Wondering what Bill Arning's been up to since his sudden exit from the Contemporary Arts Museum Houston? There are still a couple of days to see "Stonewall 50" at CAMH; Arning proposed the exhibit and curator Dean Daderko brought that vision to life. Now QFest organizers have called on Arning to guest curate an evening of contemporary short films under the umbrella of Men's Own Stories
; the selection touches on both intimate and emblematic facets of queer culture. Expect shorts from Duane Michaels, Glenn Fogel, Marc Adelman, Skylar Fein and William E. Jones. After the 1973 mass murder of gays at the UpStairs Lounge in New Orleans, artist Fein mounted an exhibit about that tragic fire that went on to gain national prominence. Jones's 30-minute film, Fall into Ruin,
focuses on the Greek art collector who gave Andy Warhol his first solo show in 1952.
Men's Own Stories is scheduled for July 27 at 9 p.m. Saturday at Aurora Picture Show, 2442 Bartlett. For information, call 713-868-2101 or visit aurorapictureshow.org. $10 (or free for QFest passholders).
H-town Sneaker Summit has grown over the years to become the biggest sneaker convention in the country.
Photo by Marco Torres
The largest gathering of sneaker heads, celebrities and brands in shoe culture is right here in the Bayou City with the wildly popular H-town Sneaker Summit
. Bear witness to a celebration of sneaker culture where enthusiasts gather to buy, sell, trade, browse and discuss rare and collectible footwear, fashion and accessories. Celeb sightings at previous iterations include Bun B, Slim Thug, Swisha House, Donkee Boy, ESG, Lil Flip, Paul Wall, Screwed Up Records, Dice Soho — some as exhibitors and others as sneaker heads — so there's no telling who you'll see at this massive cultural phenomenon.
H-town Sneaker Summit is scheduled for July 28 from 3-8 p.m. Sunday at NRG Center, 1 NRG Park. For information, call 713-893-4877 or visit sneakersummit.com. $25 to $65.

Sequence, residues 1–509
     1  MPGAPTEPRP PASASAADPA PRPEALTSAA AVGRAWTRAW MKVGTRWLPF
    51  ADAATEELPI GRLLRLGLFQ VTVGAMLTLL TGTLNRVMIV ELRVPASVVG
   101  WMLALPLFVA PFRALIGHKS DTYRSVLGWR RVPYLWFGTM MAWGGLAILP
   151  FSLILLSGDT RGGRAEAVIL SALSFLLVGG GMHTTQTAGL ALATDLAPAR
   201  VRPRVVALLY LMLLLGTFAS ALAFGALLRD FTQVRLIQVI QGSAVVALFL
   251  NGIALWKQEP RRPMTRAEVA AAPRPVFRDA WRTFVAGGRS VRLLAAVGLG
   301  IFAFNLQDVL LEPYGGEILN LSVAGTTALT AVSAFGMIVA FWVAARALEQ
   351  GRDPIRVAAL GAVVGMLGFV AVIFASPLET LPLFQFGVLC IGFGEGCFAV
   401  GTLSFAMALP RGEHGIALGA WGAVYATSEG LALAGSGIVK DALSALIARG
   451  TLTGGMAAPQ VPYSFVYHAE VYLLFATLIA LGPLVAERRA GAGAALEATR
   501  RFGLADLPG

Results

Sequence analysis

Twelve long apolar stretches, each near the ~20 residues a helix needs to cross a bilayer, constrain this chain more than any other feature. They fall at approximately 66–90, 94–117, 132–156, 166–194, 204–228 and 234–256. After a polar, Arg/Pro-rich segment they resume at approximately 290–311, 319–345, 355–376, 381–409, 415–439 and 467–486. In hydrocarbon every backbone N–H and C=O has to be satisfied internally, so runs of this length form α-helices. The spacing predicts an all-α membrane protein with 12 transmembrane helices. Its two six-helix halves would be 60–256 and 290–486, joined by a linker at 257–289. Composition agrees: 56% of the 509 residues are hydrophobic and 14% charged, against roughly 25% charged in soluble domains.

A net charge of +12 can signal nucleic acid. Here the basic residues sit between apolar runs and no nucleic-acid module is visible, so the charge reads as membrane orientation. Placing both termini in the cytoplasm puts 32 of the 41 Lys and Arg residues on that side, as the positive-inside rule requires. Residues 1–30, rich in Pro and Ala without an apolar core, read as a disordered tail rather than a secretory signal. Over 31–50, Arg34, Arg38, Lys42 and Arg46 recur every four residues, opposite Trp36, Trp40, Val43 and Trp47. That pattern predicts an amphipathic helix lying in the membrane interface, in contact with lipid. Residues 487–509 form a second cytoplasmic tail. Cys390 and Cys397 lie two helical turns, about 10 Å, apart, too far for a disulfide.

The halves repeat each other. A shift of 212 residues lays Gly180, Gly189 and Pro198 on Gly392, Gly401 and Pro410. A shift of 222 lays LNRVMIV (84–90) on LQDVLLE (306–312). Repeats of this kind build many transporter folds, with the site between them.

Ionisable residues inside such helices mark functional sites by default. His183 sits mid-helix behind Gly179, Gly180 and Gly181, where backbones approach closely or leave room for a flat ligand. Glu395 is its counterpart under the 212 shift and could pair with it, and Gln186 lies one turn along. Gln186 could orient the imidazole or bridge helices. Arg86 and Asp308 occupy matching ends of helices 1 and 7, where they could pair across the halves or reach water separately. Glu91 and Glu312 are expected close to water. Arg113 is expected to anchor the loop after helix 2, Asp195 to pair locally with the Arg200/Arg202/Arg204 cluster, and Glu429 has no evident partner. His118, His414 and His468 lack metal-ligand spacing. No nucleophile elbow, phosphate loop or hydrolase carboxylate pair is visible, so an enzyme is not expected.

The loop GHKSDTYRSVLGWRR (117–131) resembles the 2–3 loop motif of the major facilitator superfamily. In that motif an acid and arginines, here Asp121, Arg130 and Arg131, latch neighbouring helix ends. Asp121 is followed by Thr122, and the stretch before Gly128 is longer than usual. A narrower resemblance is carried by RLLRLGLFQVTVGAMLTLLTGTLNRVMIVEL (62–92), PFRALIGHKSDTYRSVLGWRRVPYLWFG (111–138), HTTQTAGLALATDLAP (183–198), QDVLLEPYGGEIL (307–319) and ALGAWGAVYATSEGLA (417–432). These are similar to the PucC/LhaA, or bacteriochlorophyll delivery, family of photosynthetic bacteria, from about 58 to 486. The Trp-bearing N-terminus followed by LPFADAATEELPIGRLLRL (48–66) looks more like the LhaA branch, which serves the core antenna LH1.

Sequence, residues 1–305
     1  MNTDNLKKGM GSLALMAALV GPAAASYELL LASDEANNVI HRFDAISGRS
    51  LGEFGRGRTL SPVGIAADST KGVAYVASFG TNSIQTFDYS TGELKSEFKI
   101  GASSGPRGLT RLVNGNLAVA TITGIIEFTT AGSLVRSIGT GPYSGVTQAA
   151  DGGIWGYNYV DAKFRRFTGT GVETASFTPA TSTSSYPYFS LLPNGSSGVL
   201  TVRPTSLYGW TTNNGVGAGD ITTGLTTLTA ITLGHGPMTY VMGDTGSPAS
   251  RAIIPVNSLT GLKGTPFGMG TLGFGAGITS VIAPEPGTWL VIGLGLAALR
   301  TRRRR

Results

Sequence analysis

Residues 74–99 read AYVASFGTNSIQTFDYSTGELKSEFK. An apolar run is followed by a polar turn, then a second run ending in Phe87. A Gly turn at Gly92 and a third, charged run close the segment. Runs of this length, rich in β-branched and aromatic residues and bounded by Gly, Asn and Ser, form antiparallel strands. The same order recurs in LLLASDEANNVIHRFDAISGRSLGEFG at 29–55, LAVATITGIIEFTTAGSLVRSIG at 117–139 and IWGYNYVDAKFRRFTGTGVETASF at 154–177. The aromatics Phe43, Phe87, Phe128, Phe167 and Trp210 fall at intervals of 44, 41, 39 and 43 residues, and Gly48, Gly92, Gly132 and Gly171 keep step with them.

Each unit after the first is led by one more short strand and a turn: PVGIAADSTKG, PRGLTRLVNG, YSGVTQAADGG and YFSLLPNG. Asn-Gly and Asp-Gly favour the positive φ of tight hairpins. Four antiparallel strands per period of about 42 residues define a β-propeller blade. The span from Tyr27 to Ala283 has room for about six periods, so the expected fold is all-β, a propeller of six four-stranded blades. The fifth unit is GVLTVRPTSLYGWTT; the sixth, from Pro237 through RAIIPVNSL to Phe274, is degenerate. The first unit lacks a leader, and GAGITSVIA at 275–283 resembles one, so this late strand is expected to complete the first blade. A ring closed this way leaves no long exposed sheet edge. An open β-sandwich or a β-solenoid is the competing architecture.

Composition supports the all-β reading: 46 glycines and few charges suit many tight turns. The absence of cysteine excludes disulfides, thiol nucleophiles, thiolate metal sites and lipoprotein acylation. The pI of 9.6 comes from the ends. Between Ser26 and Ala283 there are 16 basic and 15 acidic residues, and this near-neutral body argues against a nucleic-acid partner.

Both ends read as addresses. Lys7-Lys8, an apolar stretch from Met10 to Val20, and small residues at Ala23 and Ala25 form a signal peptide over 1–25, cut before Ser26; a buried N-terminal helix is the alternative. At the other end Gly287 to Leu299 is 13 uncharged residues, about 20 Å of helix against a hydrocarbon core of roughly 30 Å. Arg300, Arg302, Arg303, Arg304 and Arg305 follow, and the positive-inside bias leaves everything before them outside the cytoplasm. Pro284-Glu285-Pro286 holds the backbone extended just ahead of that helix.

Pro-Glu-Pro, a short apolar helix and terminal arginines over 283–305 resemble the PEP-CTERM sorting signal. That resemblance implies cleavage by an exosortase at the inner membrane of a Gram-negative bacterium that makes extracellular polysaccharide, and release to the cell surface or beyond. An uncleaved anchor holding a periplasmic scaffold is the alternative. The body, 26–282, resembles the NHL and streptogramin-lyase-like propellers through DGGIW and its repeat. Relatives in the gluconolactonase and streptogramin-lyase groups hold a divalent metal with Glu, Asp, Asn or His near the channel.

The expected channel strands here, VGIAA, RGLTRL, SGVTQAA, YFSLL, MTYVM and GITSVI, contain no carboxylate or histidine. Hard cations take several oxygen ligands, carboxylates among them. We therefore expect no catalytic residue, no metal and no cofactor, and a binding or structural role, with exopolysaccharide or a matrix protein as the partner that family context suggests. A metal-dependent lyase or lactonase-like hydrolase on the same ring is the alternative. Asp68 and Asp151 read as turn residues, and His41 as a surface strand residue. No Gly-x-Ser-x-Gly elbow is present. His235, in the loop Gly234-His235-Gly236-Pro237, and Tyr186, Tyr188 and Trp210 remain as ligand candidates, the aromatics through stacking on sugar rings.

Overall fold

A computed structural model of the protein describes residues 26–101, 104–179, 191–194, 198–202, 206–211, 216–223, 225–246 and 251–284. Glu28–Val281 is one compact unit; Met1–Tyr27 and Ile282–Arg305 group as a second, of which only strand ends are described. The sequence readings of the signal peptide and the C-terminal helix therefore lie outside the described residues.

Maurielle McGarvey adapted Georg Büchner's unfinished play to create a world premiering adaptation of Woyzeck.
Photo by Tasha Gorel
Our bonus event this week will appeal to those who truly understand stagecraft. Rec Room took a risk and went out on a limb to present a brand new adaptation of a 19th century play, tasking Houston- (and LA-) based playwright Maurielle McGarvey with reimagining Georg Büchner’s unfinished Woyzeck
and creating something new, making its world premiere in Houston. McGarvey's vision might have been pared down a bit too much; its 50-minute length makes it difficult for audience members to find the common thread, though there are flashes of amusement, confusion or upset. But kudos to director Matt Hune for trying to give us something other than the same ol', same ol' and — more than that — delivering a stylistically rich production that is enhanced through the use of chorus members flanking the stage. If you don't know what emotion to feel during any single scene, just look to this group. And the breakout star of the whole show isn't even seen; it's the inventive sound design from Robert Leslie Meek.
Woyzeck is scheduled for July 17 through August 3 at 7:30 p.m. Wednesdays and Thursdays, 8 p.m. Fridays and Saturdays at Rec Room, 100 Jackson. For information, call 713-344-1291 or visit recroomarts.org/woyzeck. $15 to $30.